We hadn’t been going to any church regularly for a couple of years, yet we felt the yearning to belong to a local part of the body, to be connected. We had a few friends at a church who had invited us along, so we made a decision: we would go for an entire school term and then assess if we wanted to stay. It has been more than two years now, since we started going to our church.
The first Sunday service shook my world. Not because it was amazingly awesome, or because we felt God moving, or because we made incredible connections with people. No, it wasn’t a good shaking.
I could barely look at the front wall, where in proud red letters it said, “Jesus Christ is Lord”. I didn’t know where I stood with Jesus anymore. My faith was so confused and deconstructed. Luckily, I had a two-year-old who needed lots of attention and a six-year-old who wanted regular reassurance. It was months until I made peace with those words, until I chose to stand in the mystery of how God could be human. Every Sunday I looked at those words and they never changed. Every Sunday the service centered around Jesus, this God-man who confounded me. So, I had to find a way to change myself; I had to find a way to meet God in this place.
Other parts of the church I still haven’t made peace with: we were told that women weren’t allowed to preach or lead at this church. I nearly didn’t go back. In fact, I was tempted to walk out before that first service even really got started.
But my husband and I had agreed to go for a whole school term. We felt like God was asking us to just bear with it and try this church out.
So, we went back and kept going back.
It has been an uneasy truce. Some Sunday services are more uncomfortable than others, some weeks the patriarchy shows more; other weeks a casual comment leaves me reeling in my deconstructed faith. Some weeks I can predict it and brace for it; other weeks it takes me completely by surprise and I am pierced through again.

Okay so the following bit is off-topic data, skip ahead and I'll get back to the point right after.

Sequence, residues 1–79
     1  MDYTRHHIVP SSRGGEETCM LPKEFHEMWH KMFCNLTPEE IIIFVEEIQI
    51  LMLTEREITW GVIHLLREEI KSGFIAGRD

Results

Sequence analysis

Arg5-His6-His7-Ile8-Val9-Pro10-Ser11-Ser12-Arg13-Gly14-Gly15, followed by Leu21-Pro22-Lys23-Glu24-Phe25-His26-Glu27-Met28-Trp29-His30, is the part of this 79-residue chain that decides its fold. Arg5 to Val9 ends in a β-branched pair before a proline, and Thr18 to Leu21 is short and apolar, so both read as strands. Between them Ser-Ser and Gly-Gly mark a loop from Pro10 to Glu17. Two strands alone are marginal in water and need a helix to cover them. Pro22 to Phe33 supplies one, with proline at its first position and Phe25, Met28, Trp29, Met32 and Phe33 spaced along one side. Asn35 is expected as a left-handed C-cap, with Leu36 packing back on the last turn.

But I keep showing up. I keep insisting that I belong, heretical though I may seem.
No matter our differences in theology, no matter that when I first walked in my faith lay broken around me; every time I ask God if this is where I should be, I get a resounding affirmation.
So, I process the pain as best I can, and go back again the following week. Sometimes I hide in the prayer room when my heart is too heavy to socialize after the service. Slowly, we have grown familiar with the faces around us, could smile in recognition even if we didn’t find much to talk about.
God wants me here, and I have, long before this, chosen to trust God. So I’ll keep showing up, keep insisting I belong here, until I can believe it, too.
My repeated showing up is slowly making me more comfortable, slowly lowering my guard. I am slowly teaching myself that I belong here, with these people, despite how different I feel. Less often do I feel the heaviness of tears welling up over innocuous chats about the weather or my children. Slowly, I feel my spirit spread her wings in this space.
And the thing that most made me feel a part? When I was in need, when I asked this family to gather around to support me in prayer, and they did. And then the next week they came around me again, asking how things were, lifting me up. These people, who had once been strangers, could be Christ to me.
Slowly, I’m finding that I am not alone, that my heart for God is also found throughout this church, this community. And there is community; there is togetherness; in standing side-by-side in Christ, no matter how different we seem to be.
I belong here because I choose to belong here, not because I fit.
The New Testament talks repeatedly about the need for unity in the church, but unity doesn’t mean sameness; it means togetherness, it means bringing our differences together to make a fullness that otherwise isn’t possible. And it is Christ who brings us together; it is in Christ we belong.
If I just keep showing up, no matter how discordant I feel, I can belong. And not just because I am being obedient to God, but because it is becoming home, becoming family, and there is a place for me here.